20. I am that way. I notice someone will come up to you, possibly at night, and what I sense is they weigh up your victim status potential. Will this man take fright and offer no resistance? Will this woman hold onto her purse and yell for help? Or, will this be a quick and easy mobile phone theft? Myself and two others once had to help two, very polite and well-bought-up boys who told us they'd been mugged by some other boys by the canal. Their bikes had been stolen. We called the police and their parents, to let the parents know their kids were OK. The parents were nice enough and came to pick up their kids. I stressed the kids were simply victims of an unexpected incident and, of course, they were advised to be more wary in future. As stated above, crime happens to us all, as do accidents. Those times I was approached, I stood up straight, calm and defensive. Not confrontational but "aware". I got the impression by that any ideas of a quick mobile phone grab was abandoned. Naturally, it depends. If it was a group of Mexican bandits in Chihuahua, standing tall isn't going to ward them off. In such a case, run like hell, and if you're fit, it might save your skin. I think real martial arts is for situations where you have a 50/50 chance and are in a corner. Even if you did Shotokan Karate as a sport, the conditioning, if nothing else, certainly isn't a negative factor. There are far more commando orientated defensive methods, of course. Such as for special forces. I guess it depends on perspective. Personally I find the spiritual, Zen approach more interesting as it's a whole lifestyle.
  21. I think the protests have had an impact. They appear mostly good natured as it seems mostly police had to accept an awful lot of people feel the same way. Beyond protests, there needs to be a beginning to self-sufficiency. If governments opt to force vaccines they need to see people will drop out. As it is people feel they daren't severe dependency but to oppose vaccines you have to be prepared to go it alone. Be self sufficient.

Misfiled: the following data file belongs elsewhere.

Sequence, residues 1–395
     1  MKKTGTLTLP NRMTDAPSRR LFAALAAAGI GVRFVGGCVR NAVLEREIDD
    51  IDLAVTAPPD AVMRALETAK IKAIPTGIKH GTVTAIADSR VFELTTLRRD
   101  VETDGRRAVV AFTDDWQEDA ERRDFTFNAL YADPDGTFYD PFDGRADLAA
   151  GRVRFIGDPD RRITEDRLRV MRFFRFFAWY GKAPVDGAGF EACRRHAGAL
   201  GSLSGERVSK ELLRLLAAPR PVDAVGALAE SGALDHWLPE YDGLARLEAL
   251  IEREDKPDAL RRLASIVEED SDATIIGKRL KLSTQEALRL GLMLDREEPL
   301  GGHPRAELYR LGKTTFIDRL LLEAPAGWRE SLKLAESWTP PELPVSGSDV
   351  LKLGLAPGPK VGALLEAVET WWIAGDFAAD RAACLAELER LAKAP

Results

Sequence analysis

22. I was browsing forums during idle moments and you see what Bruce Lee referred to in "styles". People seek "a style", some edge that one obscure style has over others. In China there were many schools of Kung Fu, developed by some individual. Wing Chun was invented by a female with a view to compensate lesser strength. Naturally I admire the skills some people develop. Ages ago I saw a young woman from Koden Kan Karate demonstrate her roundhouse kick, in a video. She performed it effortlessly at head height. Myself, not a prayer. Years of weights left me stiff as a board. It was the sets and reps and fixed motion. I think for older people many martial arts may be relatively gentle on the body. The good thing is you can choose hard or soft. Eating propely, stretching and cardio all are positive for health. The bodybuilding I did tended to be hard on the joints and a lot of people ended up with health issues.
  23. Done it all. Even met Robby Robinson and Bertil Fox. Not so good in later life, however, and scores of bodybuilders died around 60. Both the Mentzers now gone and even Casey Viator.
  24. I'm a fan of Bruce Lee. Bruce had an early grasp of how to discard what's not direct. I have footage of Bruce watching the American Karate tournaments in despair. No contact at all and very rigid. Bruce was teaching his students to progress pretty quickly and mixed a lot of styles together. Still, any martial art purely as a sport still gets you fit. Just being mobile and active is a big plus. Suggestions: Wing Chun Tai Kwon Do Tang Soo Do Kung Fu Jeet Kune Do Kickboxing Wrestling Boxing Savate Karate Kickboxing Judo